Donald Trump says Congress not ‘that far off’ passing Obamacare replacement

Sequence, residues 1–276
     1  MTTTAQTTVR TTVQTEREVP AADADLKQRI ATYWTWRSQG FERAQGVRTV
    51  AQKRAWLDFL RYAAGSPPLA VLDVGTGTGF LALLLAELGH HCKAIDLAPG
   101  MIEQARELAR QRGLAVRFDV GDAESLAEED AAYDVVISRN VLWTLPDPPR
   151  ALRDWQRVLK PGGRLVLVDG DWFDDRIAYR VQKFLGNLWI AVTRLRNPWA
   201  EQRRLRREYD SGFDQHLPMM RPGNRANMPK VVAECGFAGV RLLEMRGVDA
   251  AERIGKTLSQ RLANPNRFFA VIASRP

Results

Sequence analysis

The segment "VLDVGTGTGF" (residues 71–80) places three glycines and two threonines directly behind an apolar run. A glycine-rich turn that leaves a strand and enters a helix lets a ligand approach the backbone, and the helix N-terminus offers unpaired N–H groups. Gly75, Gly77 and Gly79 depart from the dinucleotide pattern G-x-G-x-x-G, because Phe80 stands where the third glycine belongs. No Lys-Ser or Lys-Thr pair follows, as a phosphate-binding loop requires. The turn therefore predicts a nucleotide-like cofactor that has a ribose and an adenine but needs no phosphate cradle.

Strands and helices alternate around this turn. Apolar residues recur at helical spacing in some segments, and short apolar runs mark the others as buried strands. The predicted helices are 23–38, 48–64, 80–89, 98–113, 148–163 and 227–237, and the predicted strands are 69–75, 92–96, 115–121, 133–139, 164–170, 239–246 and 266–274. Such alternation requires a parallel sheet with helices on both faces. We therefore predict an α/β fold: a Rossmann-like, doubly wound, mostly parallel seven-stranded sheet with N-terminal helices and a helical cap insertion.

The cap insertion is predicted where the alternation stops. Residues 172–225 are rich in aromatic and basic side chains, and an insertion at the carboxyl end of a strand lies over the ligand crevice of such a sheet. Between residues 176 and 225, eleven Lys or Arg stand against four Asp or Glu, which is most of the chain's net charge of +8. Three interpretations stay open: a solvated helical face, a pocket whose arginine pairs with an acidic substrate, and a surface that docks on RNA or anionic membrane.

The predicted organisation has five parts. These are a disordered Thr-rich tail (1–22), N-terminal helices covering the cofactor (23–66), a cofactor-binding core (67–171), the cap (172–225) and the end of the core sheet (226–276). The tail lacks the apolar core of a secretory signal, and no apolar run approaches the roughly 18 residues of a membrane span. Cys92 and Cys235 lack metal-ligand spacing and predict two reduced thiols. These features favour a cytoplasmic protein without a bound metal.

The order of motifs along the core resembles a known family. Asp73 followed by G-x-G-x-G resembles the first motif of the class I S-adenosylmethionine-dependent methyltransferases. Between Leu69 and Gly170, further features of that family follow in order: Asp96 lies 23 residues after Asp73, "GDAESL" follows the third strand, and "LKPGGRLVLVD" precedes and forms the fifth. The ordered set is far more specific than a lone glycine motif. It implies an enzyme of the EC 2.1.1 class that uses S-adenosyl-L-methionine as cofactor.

Ron Johnson is one of the five GOP senators who have publicly declared they won’t vote for the American Health Care Act as it’s now written.President Trump on Sunday confirmed recent reports that he denounced the House health care bill as “mean” – and he wanted to make sure he got credit for it.”We don’t have too much of a choice because the alternative is the dead carcass of Obamacare”, the president said, referring to the Affordable Care Act, his predecessor’s signature piece of legislation. Senate Republicans just released a draft last Thursday, but Senate Majority Leader Mitch McConnellMitch McConnellErnst polls supporters on Obamacare repeal plan Cornyn: Passing Senate healthcare bill by July 4 “optimistic” Sasse has “nothing to announce” on GOP ObamaCare repeal MORE (R-Ky.) has been pushing the upper chamber to vote on the legislation next week. Susan Collins of ME said on ABC’s “This Week” when asked whether the Senate Majority Leader Mitch McConnell and President Donald Trump could get her support by week’s end. GOP Senator Susan Collins of ME, who has not yet said she will vote against the bill, expressed reservations towards it to news outlets today.Asked to respond to Conway’s comments, Collins said: “I respectfully disagree with her analysis”.Sen. Susan Collins, R-Maine, said seven to eight other senators including herself were troubled by provisions that she believes could cut Medicaid even more than the House version.On ABC’s “This Week”, Collins stated concerns about the cost of premiums and deductibles, the elimination of funding to Planned Parenthood, and what she terms Medicaid cuts. Without the support of at least 50 of the 52 Republican senators, the long-anticipated bill likely is doomed.McConnell can only afford to lose the support of two GOP senators and still pass the bill – and that would necessitate a tie-breaking vote from Vice President Pence.US Senate Democratic leader Chuck Schumer, of NY, said Democrats would be working hard to defeat the bill, having already made clear they would co-operate with Republicans if they agreed to drop a repeal of the Affordable Care Act and instead work to improve it.”What we can do is if they cannot get 50 votes, if they get to impasse, I’ve been telling leadership for months now I’ll vote for a repeal”, Paul said. There’s no way we should be voting on this next week. After a few minutes of blaming partisan rhetoric and sort of leaning towards the idea that in all likelihood it won’t take too much cajoling to get him to vote yes on the bill, Johnson circles back to the timing of everything.Trump was interviewed by “Fox & Friends”, while Collins, Schumer and Paul appeared on ABC’s “This Week”.Johnson’s remarks came in a nationally televised interview on NBC’s “Meet the Press.”